Monday, August 13, 2012

A Thoroughfare for Freedom Beat

This is a public service announcement to all Canadian taxpayers: Your government has been stealing from you.

You pay the equivalent of over $4.50 a gallon for gasoline, much of it taxes, yet you have the highway infrastructure of a third world country. Either your government is full of waste, fraud, and abuse (more than even the US government), or the Trans-Canada Highway (which, as far as I can tell is not yet complete) is being built across the most hostile terrain ever encountered by road makers. I’m skeptical about the latter, since they manage to make roads out of ice every year. So boreal forest can’t be that tough to build on.

Yet there I was, paying $63 for a tank of gas when I’d never before paid more than $50, and yet every local road I took until mercifully limping onto the big 104 was as unpaved as unpaved could be. I’d call them dirt roads, but dirt would have been a welcome alternative to the ridiculousness I encountered.

Sunday, August 12, 2012

The World’s Your Oyster Shell, But What’s that Funny Smell

Whenever I’m on these adventures, as I think of something I want to remember to mention in that night’s entry, I use the iPhone Notes app to write myself… well, a note, as the thought hits me. The stuff left from last summer’s note includes “open space, self-determination, no deadlines, only chance.” Today, I only wrote down one word: “Punished.”

Saturday, August 11, 2012

You’ve Already Won Me Over, In Spite of Me

Nova Scotia, you’ve been holding out on me. After today, it’s clear that you’ve just been teasing me – showing me your less attractive features so that your best qualities stand out that much more starkly.

Friday, August 10, 2012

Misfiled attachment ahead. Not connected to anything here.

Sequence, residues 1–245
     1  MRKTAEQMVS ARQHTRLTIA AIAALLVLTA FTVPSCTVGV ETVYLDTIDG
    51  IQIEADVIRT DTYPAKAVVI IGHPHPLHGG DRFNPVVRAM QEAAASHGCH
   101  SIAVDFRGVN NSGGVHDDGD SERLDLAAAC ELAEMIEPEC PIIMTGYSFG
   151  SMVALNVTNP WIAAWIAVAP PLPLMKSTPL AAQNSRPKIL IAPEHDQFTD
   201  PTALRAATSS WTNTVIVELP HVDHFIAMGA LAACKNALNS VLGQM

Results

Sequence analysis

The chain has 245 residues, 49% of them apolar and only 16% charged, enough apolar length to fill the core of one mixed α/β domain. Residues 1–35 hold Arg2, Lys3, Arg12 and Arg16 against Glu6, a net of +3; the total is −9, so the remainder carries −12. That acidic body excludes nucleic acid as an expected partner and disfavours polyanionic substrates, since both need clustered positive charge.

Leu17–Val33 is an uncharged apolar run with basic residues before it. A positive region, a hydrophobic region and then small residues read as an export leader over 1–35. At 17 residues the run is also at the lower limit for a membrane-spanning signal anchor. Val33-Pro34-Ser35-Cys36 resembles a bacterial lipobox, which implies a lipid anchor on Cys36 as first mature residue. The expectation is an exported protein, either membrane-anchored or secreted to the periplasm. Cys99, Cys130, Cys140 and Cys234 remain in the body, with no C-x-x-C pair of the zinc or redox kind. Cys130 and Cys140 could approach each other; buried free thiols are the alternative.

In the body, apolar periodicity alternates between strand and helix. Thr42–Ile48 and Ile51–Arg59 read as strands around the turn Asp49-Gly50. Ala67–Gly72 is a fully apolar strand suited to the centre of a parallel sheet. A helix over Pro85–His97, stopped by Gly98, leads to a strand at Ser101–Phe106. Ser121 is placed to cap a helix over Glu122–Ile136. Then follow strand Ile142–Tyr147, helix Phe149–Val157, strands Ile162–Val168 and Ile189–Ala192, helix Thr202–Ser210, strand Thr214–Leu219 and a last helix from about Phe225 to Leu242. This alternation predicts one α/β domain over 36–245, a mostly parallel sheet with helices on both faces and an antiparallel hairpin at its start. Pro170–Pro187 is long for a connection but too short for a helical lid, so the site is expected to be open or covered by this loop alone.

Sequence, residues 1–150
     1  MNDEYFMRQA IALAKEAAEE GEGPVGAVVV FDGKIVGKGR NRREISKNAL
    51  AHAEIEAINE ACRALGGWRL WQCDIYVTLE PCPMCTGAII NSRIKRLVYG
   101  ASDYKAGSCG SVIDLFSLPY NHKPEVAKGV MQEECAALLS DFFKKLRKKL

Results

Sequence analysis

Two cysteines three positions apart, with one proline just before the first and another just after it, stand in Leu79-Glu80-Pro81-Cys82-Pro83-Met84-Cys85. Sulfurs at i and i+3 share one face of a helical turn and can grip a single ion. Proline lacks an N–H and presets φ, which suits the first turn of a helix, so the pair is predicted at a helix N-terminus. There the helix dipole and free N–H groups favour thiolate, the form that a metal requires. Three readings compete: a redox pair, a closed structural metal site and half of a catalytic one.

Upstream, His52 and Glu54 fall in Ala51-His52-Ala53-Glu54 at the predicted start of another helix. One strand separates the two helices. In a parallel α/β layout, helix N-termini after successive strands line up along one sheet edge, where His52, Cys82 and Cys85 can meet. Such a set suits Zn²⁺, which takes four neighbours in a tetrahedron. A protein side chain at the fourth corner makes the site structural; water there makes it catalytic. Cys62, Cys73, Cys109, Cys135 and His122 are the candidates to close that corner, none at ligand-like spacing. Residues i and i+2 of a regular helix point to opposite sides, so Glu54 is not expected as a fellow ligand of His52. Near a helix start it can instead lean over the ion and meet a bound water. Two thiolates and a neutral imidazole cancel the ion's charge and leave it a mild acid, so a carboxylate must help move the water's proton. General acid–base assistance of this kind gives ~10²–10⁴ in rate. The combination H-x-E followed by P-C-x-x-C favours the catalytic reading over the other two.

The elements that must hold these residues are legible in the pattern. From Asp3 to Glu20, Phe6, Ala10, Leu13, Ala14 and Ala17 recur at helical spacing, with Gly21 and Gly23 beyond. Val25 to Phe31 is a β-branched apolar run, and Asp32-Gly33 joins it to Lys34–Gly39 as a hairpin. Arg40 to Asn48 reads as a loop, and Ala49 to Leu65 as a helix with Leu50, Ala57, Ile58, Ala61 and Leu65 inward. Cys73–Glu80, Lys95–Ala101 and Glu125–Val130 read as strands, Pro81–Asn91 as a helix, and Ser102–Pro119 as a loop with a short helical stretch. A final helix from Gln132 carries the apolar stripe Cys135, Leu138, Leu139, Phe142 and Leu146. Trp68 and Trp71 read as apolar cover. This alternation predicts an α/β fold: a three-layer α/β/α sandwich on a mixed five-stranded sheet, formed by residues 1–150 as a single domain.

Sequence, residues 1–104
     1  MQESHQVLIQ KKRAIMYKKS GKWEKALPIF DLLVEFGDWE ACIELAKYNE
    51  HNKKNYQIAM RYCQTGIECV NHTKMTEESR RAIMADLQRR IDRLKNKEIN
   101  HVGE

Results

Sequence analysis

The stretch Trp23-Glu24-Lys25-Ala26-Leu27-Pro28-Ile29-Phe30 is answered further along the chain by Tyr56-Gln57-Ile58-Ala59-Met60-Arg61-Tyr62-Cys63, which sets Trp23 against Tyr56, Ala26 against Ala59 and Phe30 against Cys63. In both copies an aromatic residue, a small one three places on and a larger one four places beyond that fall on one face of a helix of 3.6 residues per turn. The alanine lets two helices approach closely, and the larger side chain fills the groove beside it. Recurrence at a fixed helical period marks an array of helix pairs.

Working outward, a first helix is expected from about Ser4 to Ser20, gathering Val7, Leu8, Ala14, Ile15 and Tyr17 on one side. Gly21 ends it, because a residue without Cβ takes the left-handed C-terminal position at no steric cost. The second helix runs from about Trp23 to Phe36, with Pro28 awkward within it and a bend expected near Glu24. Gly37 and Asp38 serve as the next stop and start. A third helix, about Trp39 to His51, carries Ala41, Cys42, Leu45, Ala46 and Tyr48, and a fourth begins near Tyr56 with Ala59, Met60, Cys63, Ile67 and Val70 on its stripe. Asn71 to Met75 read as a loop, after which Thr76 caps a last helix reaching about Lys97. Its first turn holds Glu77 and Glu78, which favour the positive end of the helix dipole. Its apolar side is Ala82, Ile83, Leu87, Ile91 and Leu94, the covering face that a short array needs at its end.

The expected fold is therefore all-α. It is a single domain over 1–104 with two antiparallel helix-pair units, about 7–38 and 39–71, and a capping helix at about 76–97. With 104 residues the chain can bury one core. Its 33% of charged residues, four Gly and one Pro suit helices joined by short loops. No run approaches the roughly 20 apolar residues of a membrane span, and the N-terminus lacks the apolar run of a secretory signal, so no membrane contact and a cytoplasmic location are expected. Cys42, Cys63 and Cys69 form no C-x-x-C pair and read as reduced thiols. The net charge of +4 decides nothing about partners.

Pack the Car and Leave This Town

For the most part, this was your typical “driving day.” In a nutshell, I went the 410km (which I assume is about 975 miles) from Halifax to Ingonish on Cape Breton Island. However, since it was an international driving day, there were some extra added dimensions to this leg of the journey.

Thursday, August 9, 2012

Hello City

I awoke this morning to the dulcet tones of some horrible bird-rodent shrieking in a tree above my tent. This was followed shortly by what I thought was a raccoon stealing the sealed screw-top bowl of Gordo food I’d accidentally left on the picnic table. Much to my surprise, when I peeked out to see how many of the diseased monsters were working on this half ounce of dry dog food, I instead saw a chipmunk trying to drag the bowl up a tree. You know, the way an ant would drag something, if it didn’t have that super ant strength. Rather than throwing my shoes on an chasing it away (I knew from Bryce Canyon trail mix experience that he’d only come back with reinforcements), I feebly tried clapping once to scare it off, and went back to bed. I figured that if it was able to get something larger and heavier than itself up a tree, it deserved the dog food. An hour later, I was a little disappointed to find the bowl still on the ground, but twisted open and emptied of its contents. I’m still not sure how many dozen of these creatures lacking in opposable thumbs it took to open it.

Wednesday, August 8, 2012

One Does Not Simply Walk Into Canada

Tonight I find myself in the New Brunswick of the north, east of eastern standard time – at site 287 of the Chignecto North campground in Fundy National Park. The first leg of a journey that will largely revolve around the park’s namesake, I consider it something of an accomplishment just to have made it here at all. Whenever I’ve prepared to cross the border into Canada (all 2 times), I’ve developed somewhat irrational fears that I won’t be allowed in. First it was the dog and how I almost wasn’t able to get a copy of his rabies certificate, but I was able to get that straightened out so that wasn’t it. Then it was the thought that the border agent wouldn’t like what I had planned, but his only complaint could have been that my itinerary wasn’t concrete enough and if that’s what he thought, then I would have had serious doubts about the mental faculty of the people guarding this country’s borders. Maybe my failed car inspection sticker would keep me out, but why would an agent of the Canadian government care whether my car’s tire pressure was up to Massachusetts’ standards? After persuading myself that all of these reasons were no cause for concern, about 20 miles from the border I remembered reading about some international car insurance documentation which I didn’t have and obviously couldn’t get at this point. But I’d been to Toronto for more than 24 hours only a few months ago and hadn’t needed it, so why would the rules be any different at this crossing?

Sunday, August 5, 2012

Northeast M'Od

What’s northeast of the Northeast? As it turns out, quite a bit! And I’ve decided that exploring that “bit” will be my last great adventure for the summer.